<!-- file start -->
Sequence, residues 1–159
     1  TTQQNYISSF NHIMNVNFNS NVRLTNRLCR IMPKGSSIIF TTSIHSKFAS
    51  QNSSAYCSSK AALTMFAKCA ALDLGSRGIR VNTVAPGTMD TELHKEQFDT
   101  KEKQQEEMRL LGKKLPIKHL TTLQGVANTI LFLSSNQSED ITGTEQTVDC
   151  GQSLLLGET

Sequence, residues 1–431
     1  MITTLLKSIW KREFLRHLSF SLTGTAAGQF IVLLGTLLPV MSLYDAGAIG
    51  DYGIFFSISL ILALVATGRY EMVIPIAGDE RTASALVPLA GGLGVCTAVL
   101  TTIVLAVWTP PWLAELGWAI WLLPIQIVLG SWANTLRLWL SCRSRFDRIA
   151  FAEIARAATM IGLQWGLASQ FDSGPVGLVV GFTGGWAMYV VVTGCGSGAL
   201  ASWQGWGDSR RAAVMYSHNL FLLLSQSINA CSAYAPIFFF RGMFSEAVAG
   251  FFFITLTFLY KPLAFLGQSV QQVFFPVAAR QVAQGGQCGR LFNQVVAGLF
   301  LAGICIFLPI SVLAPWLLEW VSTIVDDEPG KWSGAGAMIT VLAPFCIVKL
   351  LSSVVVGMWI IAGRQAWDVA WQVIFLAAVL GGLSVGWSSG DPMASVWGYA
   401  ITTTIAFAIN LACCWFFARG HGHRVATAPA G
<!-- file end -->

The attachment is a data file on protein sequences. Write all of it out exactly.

Sequence, residues 1–159
     1  TTQQNYISSF NHIMNVNFNS NVRLTNRLCR IMPKGSSIIF TTSIHSKFAS
    51  QNSSAYCSSK AALTMFAKCA ALDLGSRGIR VNTVAPGTMD TELHKEQFDT
   101  KEKQQEEMRL LGKKLPIKHL TTLQGVANTI LFLSSNQSED ITGTEQTVDC
   151  GQSLLLGET

Sequence, residues 1–431
     1  MITTLLKSIW KREFLRHLSF SLTGTAAGQF IVLLGTLLPV MSLYDAGAIG
    51  DYGIFFSISL ILALVATGRY EMVIPIAGDE RTASALVPLA GGLGVCTAVL
   101  TTIVLAVWTP PWLAELGWAI WLLPIQIVLG SWANTLRLWL SCRSRFDRIA
   151  FAEIARAATM IGLQWGLASQ FDSGPVGLVV GFTGGWAMYV VVTGCGSGAL
   201  ASWQGWGDSR RAAVMYSHNL FLLLSQSINA CSAYAPIFFF RGMFSEAVAG
   251  FFFITLTFLY KPLAFLGQSV QQVFFPVAAR QVAQGGQCGR LFNQVVAGLF
   301  LAGICIFLPI SVLAPWLLEW VSTIVDDEPG KWSGAGAMIT VLAPFCIVKL
   351  LSSVVVGMWI IAGRQAWDVA WQVIFLAAVL GGLSVGWSSG DPMASVWGYA
   401  ITTTIAFAIN LACCWFFARG HGHRVATAPA G